Eurobodalla Councillors received an open letter over the weekend from the Dalmeny Matters group ahead of their voting on the draft Draft Estuaries Coastal Management Plan at Tuesday's Council Meeting. The group wrote: "We hope you have a moment this weekend to consider requiring stronger actions for Mummaga Lake under the draft ECMP you will be asked to vote on at Tuesday's Council Meeting. Last year, we discovered that this Draft Estuary Management Plan had failed to take into account the 100 Ha development planned for Dalmeny in the lake catchment area.
However NO CHANGE has been made to the Draft in response to submission about the incorrect population forecasts.
The Draft states that the Development Control Plan will ensure that runoff will be managed onsite and not impact the lake
But the Revised Risk Assessment does NOT support this statement:
“it is rare that development can have a positive or neutral impact when a previously undisturbed part of the catchment is developed, unless a system of offsets is somehow adopted." (revised risk assessment, pg 8, appendix D) No 'system of offsets' is proposed for the Lake Catchment. We hope you will consider asking for stronger actions to protect Mummaga Lake before adopting this plan. We are not trying to take away from the important work this plan achieves. Mummaga Lake is extremely important to Dalmeny and we hope you will act cautiously in regard to its protection. The Councillors were also provided the following to assist them in their own research, and to ask questions of Council staff around the timing of the Draft in its relation to the vote that was made to sell the Dalmeny land in what has been considered by many as a cunning sunt of manipulated timing designed to ensure the sale of the land with Councillors basically left in the dark over the possible consequences to adjacent waterways. Mummaga Lake Left Behind: Draft Estuaries Coastal Management Plan 22/10/22
The Draft Plan makes clear that Mummaga Lake:
Is not presently well understood in regards to water quality and the impacts from runoff
That development in estuarine catchments is linked to the “destruction of important ecosystems” (revised risk assessment, pg 14, appendix D)
And that “it is rare that development can have a positive or neutral impact when a previously undisturbed part of the catchment is developed, unless a system of offsets is somehow adopted." (revised risk assessment, pg 8, appendix D)
The Draft Plan recommends that “future urban development in and around all estuaries needs to be approached with care to ensure that appropriate measures are taken to prevent the decline of water quality.” (pg 34 ECMP final draft)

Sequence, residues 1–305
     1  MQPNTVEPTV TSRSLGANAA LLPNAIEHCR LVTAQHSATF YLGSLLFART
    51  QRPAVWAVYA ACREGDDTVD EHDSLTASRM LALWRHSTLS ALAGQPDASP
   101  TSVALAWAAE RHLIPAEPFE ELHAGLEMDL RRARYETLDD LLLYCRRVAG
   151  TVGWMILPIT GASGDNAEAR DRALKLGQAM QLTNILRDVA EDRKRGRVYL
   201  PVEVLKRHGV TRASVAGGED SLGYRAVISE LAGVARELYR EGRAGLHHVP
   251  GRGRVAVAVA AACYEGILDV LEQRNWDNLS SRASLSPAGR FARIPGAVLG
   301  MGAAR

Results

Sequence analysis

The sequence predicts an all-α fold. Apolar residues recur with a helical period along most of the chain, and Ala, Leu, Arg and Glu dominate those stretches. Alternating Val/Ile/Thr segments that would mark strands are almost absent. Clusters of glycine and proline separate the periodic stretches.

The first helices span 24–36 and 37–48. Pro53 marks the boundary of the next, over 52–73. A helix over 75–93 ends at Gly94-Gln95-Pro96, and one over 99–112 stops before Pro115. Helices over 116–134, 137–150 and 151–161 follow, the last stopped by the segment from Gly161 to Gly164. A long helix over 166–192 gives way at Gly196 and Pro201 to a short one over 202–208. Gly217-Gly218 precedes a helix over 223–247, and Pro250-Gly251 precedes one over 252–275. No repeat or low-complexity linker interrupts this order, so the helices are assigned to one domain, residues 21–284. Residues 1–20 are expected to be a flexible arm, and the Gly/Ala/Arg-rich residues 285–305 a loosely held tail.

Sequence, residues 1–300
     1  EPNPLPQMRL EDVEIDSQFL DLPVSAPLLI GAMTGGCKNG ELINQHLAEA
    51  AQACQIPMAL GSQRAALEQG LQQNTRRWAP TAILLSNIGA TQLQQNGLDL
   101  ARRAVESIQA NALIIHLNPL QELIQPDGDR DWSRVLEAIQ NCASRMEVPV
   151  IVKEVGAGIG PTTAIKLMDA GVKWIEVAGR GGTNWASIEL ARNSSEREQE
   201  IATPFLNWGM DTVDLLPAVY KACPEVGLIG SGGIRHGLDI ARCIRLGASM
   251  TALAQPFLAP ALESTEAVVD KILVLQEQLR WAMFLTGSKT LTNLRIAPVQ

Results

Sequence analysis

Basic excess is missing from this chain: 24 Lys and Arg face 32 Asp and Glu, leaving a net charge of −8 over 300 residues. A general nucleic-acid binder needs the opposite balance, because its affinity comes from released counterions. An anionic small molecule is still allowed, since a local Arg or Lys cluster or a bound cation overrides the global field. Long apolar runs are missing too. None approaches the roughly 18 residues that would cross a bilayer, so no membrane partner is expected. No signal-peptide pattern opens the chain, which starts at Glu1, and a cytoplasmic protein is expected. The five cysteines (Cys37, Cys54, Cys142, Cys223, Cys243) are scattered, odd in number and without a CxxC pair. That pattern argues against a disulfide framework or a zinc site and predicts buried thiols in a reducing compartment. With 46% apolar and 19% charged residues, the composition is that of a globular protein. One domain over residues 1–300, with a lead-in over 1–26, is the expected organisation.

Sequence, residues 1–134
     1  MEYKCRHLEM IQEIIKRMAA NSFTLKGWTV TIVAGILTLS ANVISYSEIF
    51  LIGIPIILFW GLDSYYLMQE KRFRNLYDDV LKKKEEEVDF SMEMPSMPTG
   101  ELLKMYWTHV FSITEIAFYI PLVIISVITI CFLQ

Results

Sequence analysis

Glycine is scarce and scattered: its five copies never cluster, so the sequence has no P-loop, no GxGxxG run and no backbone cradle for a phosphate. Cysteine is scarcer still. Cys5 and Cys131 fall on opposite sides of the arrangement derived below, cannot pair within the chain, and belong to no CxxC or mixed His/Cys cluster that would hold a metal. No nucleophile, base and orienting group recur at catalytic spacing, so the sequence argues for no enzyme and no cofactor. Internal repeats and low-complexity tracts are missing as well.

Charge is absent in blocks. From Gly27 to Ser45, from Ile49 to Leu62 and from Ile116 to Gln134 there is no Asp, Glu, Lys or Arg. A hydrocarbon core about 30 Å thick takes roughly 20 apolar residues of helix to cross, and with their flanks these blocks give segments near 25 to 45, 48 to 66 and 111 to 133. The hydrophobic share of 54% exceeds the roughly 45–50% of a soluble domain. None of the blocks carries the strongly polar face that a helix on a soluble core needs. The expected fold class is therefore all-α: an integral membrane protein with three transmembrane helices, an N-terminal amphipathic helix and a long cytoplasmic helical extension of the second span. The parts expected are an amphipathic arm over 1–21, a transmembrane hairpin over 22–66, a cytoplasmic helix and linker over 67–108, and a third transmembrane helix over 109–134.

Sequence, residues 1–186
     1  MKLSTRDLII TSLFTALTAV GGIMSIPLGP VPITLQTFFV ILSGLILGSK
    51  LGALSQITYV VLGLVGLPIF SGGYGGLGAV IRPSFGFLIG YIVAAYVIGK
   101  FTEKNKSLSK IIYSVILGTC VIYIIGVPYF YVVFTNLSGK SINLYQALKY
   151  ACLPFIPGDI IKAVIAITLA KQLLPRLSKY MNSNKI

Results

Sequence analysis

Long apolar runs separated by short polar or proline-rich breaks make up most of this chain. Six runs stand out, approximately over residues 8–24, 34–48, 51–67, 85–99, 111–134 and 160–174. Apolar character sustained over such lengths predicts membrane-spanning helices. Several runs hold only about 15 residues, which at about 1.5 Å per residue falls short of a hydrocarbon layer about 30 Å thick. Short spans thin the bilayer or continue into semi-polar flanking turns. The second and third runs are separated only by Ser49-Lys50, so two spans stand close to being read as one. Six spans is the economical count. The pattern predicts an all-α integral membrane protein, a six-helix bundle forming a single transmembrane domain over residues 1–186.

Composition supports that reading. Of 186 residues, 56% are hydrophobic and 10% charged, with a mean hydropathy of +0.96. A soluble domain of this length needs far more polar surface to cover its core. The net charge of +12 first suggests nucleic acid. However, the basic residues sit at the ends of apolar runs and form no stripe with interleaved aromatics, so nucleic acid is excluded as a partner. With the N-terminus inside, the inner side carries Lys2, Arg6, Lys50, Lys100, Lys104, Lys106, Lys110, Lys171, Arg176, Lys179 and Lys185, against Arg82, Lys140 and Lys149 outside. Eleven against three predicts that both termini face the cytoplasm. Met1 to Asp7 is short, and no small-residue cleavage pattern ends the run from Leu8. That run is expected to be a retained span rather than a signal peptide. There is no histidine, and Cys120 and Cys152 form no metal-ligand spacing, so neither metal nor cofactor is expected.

When discussing the proposed development in Dalmeny, a new section has been added, assuring us that the Development Control Plan will address all issues and ensure that all runoff is managed onsite so as not to impact water quality. (pg 27 ECMP final draft)
This is in stark contrast to the Revised Risk Assessment appendix, written prior to Council’s hasty revision of the Draft Plan after the community pointed out the omission of the proposed Dalmeny Development.
This Risk Assessment states that development most likely will have significant effects “unless a system of offsets is somehow adopted”...(revised risk assessment, pg 8, appendix D)
However NO ‘system of offsets’ is included as an action, or detailed in any way.
Generally offsets work by protecting, restoring and managing another area to achieve biodiversity outcomes. Could this be achieved for Mummaga Lake? What area of an equivalent size and importance could be protected and restored? It seems likely that this is not being considered.
No Environmental Protection Plan?
The Moruya River and Wagonga Inlet each have funding allocated for an action to Restore Wetlands and Implement an Environmental Protection Plan
Why is Mummaga Lake not receiving the same protection? Was this not considered a requirement because of Council’s error in failing to include the proposed catchment development in the Draft Plan?
No Land Identified for Protection?
The ECMP aims to achieve objectives of the CM Act:
● To facilitate ecologically sustainable development in the coastal zone and promote sustainable land use planning decision-making. (pg 13 ECMP final draft)
● To facilitate the identification of land in the coastal zone for acquisition by public or local authorities in order to promote the protection, enhancement, maintenance and restoration of the environment of the coastal zone. (pg 13 ECMP final draft)
However no land is currently identified for public acquisition in the ECMP.
Given that an overarching concern identified is population growth and the effect of development on estuary systems, why are the actions related to planning, development and land acquisition so non-specific and weak?
Authority may lie with State Government legislation and Council planning instruments, but that does not prevent this ECMP from making stronger recommendations which may actually succeed in protecting our waterways from badly managed or inappropriate development.
Dalmeny Matters believes that the public acquisition and protection of the land in the catchment zone of Mummaga Lake is the only real way to protect the lake ecosystem.
The downplaying of the risks associated with the proposed development, which are not even supported by the Risk Assessment attached to the draft ECMP, is unhelpful and irresponsible.
We urge Councillors to consider delaying the approval of the ECMP, and recommending that actions to actually “protect and enhance natural coastal processes and coastal environmental values including natural character, scenic value, biological diversity and ecosystem integrity and resilience” for Mummaga Lake are detailed.